This, in turn, affects the amount of legal work required for each type of crowdfunding. For a launchpad token sale, the organizer (a cryptocurrency exchange) will require the project to undergo onboarding for a token listing on the launchpad, which includes providing a Token Legal Opinion. At the same time, the chosen cryptocurrency exchange will take over the entire KYC procedure of token buyers on the launchpad and will also manage the PR and marketing campaigns for sale.
📚 Read more: Token types, their legal status and choosing the best jurisdictions for token issuance
Public Token Sale (TGE, ICO)
If the founders of the Web3 project independently organize a Public Token Sale (sometimes called a Token Generation Event or an Initial Coin Offering), then they have to do the following legal work:
- analyze and adhere to any regulatory requirements for the Public Token Sale in the country where the token issuer company is registered (for example, if the Token Issuer Company is registered in the Cayman Islands, obtaining a VASP Authorisation for the Public Token Sale is mandatory);
- implement verification procedures for token buyers (KYC and AML procedures), as well as conduct a legal analysis of the token (Token Legal Opinion) so as not to violate securities and stock market laws;
- provide a detailed legal analysis of any PR and marketing campaigns that they, as founders, must organize. These PR campaigns aim to promote crowdfunding of tokens, so a detailed legal analysis of these materials is necessary to ensure that public calls to buy tokens and any promises to make money via these tokens do not violate financial market legislation.
Token airdrops are public campaigns for the free distribution of tokens from the community pool, which are aimed at achieving a network effect of promoting the Web3 project (i.e., going viral). The idea of airdrops is that active members of the Web3 community are offered the opportunity to perform several tasks (i.e., to post on social networks about the project, record a video manual, translate the White Paper of the project into a local language, find a bug in the system, etc.) and receive a reward in the form of tokens for their actions.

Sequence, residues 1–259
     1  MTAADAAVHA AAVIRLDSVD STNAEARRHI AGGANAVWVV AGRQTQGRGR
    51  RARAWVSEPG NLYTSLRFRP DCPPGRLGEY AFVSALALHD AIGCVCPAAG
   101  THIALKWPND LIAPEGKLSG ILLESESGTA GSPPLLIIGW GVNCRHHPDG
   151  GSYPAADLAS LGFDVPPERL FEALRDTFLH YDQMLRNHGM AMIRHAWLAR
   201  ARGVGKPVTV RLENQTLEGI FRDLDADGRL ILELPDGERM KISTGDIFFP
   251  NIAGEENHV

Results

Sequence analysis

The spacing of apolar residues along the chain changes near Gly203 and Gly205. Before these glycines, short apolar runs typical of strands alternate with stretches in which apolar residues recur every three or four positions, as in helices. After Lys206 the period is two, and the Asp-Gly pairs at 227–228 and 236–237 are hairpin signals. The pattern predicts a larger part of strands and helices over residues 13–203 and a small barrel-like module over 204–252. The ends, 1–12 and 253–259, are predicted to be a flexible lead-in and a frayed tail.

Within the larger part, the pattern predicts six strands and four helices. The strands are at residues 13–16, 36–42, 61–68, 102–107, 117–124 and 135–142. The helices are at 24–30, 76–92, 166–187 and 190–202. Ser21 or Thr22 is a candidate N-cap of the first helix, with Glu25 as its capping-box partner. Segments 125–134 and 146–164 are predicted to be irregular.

Because token airdrop campaigns provide free distribution of tokens, they have fewer regulatory requirements than paid distribution, but Web3 founders need to provide detailed Terms & Conditions of the airdrop campaign and place them on the project website.
💡 Worth checking: A legal guide to airdrops, tokens options and other ways of unpaid token distribution
Get legal support for your token distribution
Each model of token distribution requires the performance of legal work for its authorisation. The crypto industry has already seen several cases of unauthorized (or improperly registered) token distribution, which resulted in fines from regulators, lawsuits, and obligations to return all funds raised to token buyers.
To reduce the risk of these kinds of consequences, it is crucial for Web3 founders to do the legal work, especially for each token distribution model provided for in the Token Cap Table. Founders must also obtain any necessary regulatory authorisations for their token distribution model, and implement the appropriate verification procedures.
Here at Legal Nodes, we help Web3 founders structure their token distribution in one single place, removing the need for founders to seek out legal experts in multiple jurisdictions. Request a demo call to learn more about how we could help with your token distribution legal structuring.
Disclaimer: the information in this article is provided for informational purposes only. You should not construe any such information as legal, tax, investment, trading, financial, or other advice.